One of the more famous homes in Fall River has just hit the market. It’s Japanese influence gives this historic house a sense of wonder, and this one-of-a-kind property comes with a price tag of $1.2 million.

Known as “The Rising Sun," this architectural beauty is influenced by Japanese culture from the inside out. The home was created by Ralph Adams Cram, a renowned architect from New Hampshire who spent a portion of his life in Boston. He was known for bringing grand chapels and churches to life with his gothic revival style, arguing that “authentic development could come only by returning to Gothic sources for inspiration.”

He was a modernist, and after visiting Japan for four months, he returned with a vision to create a home for missionary Reverend Arthur May Knapp that was totally inspired by the Japanese pagodas he grew fond of during his visit.

Sitting on half an acre of land on Highland Avenue, the unique home offers a Japanese flair on a SouthCoast street. Finished in 1894, The Rising Sun is listed on the Massachusetts Historic Register, boasting a foreign appeal that did not shy away from the little details.

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David Durot explained how the home was constructed by using a Japanese technique called “kanawa tsugi, which doesn’t use nails but bonds wood to wood. It is built so well that the original solid Walnut doors still exist over 127 years.”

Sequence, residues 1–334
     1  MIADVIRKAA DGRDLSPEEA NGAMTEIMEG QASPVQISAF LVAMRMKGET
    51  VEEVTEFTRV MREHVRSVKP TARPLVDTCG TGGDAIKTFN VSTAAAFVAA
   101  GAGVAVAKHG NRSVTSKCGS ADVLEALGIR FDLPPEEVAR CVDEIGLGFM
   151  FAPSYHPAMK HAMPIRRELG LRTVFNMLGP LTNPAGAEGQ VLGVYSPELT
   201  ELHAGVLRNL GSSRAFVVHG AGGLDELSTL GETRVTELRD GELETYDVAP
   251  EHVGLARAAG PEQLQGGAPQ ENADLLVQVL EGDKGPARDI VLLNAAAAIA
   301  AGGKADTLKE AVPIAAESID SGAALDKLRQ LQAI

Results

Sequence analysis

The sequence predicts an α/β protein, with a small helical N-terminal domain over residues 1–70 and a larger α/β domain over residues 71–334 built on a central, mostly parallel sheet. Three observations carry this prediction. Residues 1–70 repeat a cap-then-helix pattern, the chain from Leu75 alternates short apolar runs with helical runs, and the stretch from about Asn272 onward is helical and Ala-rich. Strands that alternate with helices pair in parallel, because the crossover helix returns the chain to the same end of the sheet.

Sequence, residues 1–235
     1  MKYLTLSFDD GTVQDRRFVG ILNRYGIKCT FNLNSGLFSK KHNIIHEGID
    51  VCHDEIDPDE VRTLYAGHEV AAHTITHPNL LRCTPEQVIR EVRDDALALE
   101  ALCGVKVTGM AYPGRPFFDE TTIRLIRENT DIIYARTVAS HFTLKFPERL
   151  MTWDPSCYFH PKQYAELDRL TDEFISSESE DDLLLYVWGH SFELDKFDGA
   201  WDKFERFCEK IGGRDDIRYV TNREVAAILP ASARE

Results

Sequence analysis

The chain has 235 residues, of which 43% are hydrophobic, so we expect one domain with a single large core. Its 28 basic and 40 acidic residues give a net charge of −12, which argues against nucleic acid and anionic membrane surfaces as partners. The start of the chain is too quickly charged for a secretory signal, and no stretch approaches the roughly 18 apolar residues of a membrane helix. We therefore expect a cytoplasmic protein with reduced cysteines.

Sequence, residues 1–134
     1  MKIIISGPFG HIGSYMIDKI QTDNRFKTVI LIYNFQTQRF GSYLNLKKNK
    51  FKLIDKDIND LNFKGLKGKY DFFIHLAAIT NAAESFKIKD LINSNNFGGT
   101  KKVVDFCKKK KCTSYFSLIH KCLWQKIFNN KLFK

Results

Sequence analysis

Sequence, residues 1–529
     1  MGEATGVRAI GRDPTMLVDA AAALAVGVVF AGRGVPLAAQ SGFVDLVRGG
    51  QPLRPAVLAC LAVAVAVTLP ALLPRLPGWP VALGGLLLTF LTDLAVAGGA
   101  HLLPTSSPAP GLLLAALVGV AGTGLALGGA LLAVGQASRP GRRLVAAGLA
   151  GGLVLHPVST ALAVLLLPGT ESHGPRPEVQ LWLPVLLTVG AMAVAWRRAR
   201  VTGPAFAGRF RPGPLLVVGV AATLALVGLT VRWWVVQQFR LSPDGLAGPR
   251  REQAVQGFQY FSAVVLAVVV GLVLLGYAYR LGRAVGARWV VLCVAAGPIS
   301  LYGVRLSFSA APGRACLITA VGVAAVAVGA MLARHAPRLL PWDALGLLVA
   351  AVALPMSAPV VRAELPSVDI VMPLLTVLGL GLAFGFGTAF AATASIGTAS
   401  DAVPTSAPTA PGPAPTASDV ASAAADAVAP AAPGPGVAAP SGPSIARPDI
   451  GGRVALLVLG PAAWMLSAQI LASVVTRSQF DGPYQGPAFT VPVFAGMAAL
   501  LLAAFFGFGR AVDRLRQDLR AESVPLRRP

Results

From the street, the house looks quaint, but inside, things get much more intriguing. With four fireplaces, two home offices, six bedrooms, and beautiful woodwork, it’s clear as to why this home has created so much buzz on Highland Avenue.

You have probably driven by it dozens of times and thought to yourself, “I wonder what it looks like inside?” Keep scrolling to find out.

Take a Virtual Tour of This Historic Japanese Home in Fall River

Known as the "Rising Sun," this unique Fall River home on the Massachusetts Historic Register hit the market for $1.2 million. Let's take a look inside.

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